SKINS AND BONES
17 July - 3 August 2013
Opening Night | Wednesday 24 July 6-10pm
Eliza Jane Gilchrist
Skins and Bones comprises sculpture made of discarded clothing, altered and combined with mechanical and natural elements into disembodied tableaux. Like shed skin the clothes are empty, yet shaped and gesturing, fixing a moment of time when a body did inhabit them; an exoskeleton. The mechanical elements, lights, fans and motors serve to emphasise the disembodiment of the installation.
IMAGES | Eliza Jane Gilchrist, untitled, 2013, Mutare, 2011, cicada skins, wire, glue, wood, 90 x38 x38cm, Unititled, 2013| Images courtesy of the artist.
Clothing as material culture informs our subjectivity and our place within society. Eliza-Jane Gilchrist’s deep engagement with the physicality of clothing strives to communicate personal narrative and a wider cultural meaning through the materiality and transformation of her chosen medium.
Managing to avoid the fetishism that can haunt such works, Gilchrist’s practice is an enquiry into the absent body. Drawing on the spatial and sculptural elements of clothing, the works inhabit not just their physical site in the gallery but our psyches as well, to conceptualise the uncanny and psychological portent of what is past, missing or far away. As a recent immigrant herself, the artist works through her personal experience, to communicate experiences common to us all.
By carefully selecting and appropriating used garments, specific bodily elements such as hands and feet, fingerprints and vertebrae articulate individuality, yet speak to a wider, communal sense of what it is to be human. Our frailties and strengths are foregrounded in Gilchrist’s sculptures through the application of personal attention and processes. For example, cutting and sewing is used to connect disparate parts of a whole, whilst embroidery is utilised as a means to emphasise layers of identity.
Sophie Woodward, in her essay Aesthetics of the Self1 articulates a theory of agency derived from clothing and, more specifically, the wearing of clothes. The textures, forms and smells of fabric arouse feelings and emotions that are unconsciously carried with us over time. The specificity of clothing allows us to create our identities and sense of self, through the agency of the garments and how well they fit, literally and metaphorically.
Clothing also mediates our experiences with others and our external environment. Selfhood is externalised by the choices we make every day when we dress, and is in turn fed back to us through our chosen skin for each day. Blending the material and the social domains of the clothed body, cultural narrative and meaning is in constant dialogue in these works.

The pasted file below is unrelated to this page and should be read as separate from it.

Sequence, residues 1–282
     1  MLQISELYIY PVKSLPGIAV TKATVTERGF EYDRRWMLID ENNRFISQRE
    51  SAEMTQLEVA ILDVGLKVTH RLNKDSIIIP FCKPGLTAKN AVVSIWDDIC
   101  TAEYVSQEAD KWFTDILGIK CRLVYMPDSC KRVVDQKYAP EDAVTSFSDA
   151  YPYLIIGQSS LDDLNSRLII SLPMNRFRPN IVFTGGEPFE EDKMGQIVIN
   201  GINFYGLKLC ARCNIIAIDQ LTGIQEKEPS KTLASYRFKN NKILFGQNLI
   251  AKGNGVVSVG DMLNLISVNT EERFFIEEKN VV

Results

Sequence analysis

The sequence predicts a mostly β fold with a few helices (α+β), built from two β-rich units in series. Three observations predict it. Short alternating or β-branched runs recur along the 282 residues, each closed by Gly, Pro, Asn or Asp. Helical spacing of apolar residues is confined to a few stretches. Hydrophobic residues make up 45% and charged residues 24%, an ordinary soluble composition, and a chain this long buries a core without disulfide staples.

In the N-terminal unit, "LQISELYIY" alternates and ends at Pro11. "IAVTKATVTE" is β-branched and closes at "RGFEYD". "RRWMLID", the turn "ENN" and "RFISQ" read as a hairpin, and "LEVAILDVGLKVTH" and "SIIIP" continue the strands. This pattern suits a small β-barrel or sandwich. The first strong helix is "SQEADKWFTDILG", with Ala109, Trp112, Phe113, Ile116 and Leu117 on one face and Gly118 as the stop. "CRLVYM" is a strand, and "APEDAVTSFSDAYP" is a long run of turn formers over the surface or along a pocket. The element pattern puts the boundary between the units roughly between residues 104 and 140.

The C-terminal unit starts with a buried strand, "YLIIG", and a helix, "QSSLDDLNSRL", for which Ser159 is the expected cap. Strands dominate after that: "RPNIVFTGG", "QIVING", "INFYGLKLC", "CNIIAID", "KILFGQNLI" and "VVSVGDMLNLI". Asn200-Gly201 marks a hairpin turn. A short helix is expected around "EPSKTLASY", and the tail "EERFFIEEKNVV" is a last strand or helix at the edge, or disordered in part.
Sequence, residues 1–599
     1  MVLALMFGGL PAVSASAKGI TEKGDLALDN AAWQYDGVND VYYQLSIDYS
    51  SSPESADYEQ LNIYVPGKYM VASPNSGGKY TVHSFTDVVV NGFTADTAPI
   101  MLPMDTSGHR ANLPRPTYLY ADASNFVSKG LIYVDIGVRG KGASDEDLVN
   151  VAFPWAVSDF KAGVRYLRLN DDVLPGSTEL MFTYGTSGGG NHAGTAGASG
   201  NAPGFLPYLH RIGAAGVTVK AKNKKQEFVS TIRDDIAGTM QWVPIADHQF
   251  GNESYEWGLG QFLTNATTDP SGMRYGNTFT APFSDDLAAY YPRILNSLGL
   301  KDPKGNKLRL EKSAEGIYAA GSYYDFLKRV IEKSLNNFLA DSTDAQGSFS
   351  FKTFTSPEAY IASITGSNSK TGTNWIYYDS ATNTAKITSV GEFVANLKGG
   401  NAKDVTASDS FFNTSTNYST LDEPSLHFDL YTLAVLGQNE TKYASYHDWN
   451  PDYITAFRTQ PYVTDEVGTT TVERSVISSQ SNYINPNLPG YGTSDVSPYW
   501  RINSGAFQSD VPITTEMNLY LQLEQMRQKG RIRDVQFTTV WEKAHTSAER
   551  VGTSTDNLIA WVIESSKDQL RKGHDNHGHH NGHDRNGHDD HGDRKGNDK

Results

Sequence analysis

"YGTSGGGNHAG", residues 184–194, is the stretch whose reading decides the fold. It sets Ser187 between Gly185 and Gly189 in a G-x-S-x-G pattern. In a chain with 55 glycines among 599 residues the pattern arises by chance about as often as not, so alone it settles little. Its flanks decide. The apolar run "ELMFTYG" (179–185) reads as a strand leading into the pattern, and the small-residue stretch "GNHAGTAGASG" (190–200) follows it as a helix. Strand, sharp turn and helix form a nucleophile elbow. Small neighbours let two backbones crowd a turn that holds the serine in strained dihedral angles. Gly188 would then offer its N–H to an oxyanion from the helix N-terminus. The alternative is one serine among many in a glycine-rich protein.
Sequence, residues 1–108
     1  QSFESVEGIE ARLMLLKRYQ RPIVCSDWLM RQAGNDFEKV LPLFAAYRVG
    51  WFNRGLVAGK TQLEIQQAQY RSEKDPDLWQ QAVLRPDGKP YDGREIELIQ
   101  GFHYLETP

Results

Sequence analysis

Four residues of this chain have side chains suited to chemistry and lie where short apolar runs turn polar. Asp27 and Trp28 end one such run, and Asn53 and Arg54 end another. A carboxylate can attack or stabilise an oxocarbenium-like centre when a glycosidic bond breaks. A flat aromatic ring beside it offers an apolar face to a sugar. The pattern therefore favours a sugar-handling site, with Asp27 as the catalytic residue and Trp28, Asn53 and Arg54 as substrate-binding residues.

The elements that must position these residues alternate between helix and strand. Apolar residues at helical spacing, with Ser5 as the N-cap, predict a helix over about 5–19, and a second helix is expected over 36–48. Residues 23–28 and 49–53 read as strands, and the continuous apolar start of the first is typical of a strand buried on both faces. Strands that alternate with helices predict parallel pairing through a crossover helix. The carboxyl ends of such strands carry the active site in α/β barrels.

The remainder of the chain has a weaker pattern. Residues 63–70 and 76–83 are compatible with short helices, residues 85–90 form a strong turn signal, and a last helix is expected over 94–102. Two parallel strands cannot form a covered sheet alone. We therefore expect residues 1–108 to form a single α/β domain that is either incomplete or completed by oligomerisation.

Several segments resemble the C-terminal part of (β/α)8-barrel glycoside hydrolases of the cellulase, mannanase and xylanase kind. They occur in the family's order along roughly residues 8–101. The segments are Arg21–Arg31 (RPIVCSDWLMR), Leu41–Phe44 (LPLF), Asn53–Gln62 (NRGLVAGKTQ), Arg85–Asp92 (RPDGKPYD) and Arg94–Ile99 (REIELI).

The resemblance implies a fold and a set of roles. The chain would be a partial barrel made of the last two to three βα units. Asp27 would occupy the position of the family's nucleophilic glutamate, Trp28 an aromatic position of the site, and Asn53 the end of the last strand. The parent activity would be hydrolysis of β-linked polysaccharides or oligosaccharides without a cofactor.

The aesthetic and sensual properties of the materials are heightened by Gilchrist’s sense of the theatrical. Sentimentality is dispersed through mechanical and lighting effects, creating what the artist describes as “tableaux”2. Through Gilchrist’s harnessing of this technology, these works are imbued with an autonomy and agency perhaps beyond the human. Perhaps this process allows the works to elicit a transformed self, beyond the limitations of everyday life.
Donna Haraway, in her groundbreaking cyborg manifesto3, uses the same part human/part machine metaphor, to argue for a new way of thinking about difference and identity in our current post-capitalist society. Long-held binaries such as nature/culture, natural/artificial and human/animal are critiqued, with an alternative model of blurring and hybridity proposed.
However, the contradictory nature of the hybrid is made coherent in Gilchrist’s works through the emphasis on soft and fluid forms. In spite of her multivalent approach to technique the hand-made quality throughout the works provides consistency. Humble gestures engage in dialogue with each other, and the audience. A conversation that is ongoing, enacting a site for new subjectivities to emerge.
- Caroline Phillips is a Melbourne based Visual Artist, with an independent writing and curatorial practice.
1. Sophie Woodward, "Looking Good: Feeling Right - Aesthetics of the Self," in Clothing as Material Culture (Oxford, N.Y.: Berg, 2005).
2. Gilchrist, EJ., Skins and Bones, exh.cat ,(The Stockroom, Kyneton. 2012)
3. Haraway, D., “A Cyborg Manifesto: Science, Technology, and Socialist-Feminism in the Late Twentieth Century", published in her book Simians, Cyborgs and Women: The Reinvention of Nature (London, Free Association, 1991).